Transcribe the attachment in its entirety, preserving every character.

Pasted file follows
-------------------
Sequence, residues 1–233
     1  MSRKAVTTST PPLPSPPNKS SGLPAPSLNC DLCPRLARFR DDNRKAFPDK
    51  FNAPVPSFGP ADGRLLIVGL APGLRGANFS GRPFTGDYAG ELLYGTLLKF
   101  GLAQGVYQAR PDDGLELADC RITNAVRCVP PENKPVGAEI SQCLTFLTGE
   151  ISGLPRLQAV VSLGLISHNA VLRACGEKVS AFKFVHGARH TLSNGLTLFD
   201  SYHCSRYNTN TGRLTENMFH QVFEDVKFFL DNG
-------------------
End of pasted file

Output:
Sequence, residues 1–233
     1  MSRKAVTTST PPLPSPPNKS SGLPAPSLNC DLCPRLARFR DDNRKAFPDK
    51  FNAPVPSFGP ADGRLLIVGL APGLRGANFS GRPFTGDYAG ELLYGTLLKF
   101  GLAQGVYQAR PDDGLELADC RITNAVRCVP PENKPVGAEI SQCLTFLTGE
   151  ISGLPRLQAV VSLGLISHNA VLRACGEKVS AFKFVHGARH TLSNGLTLFD
   201  SYHCSRYNTN TGRLTENMFH QVFEDVKFFL DNG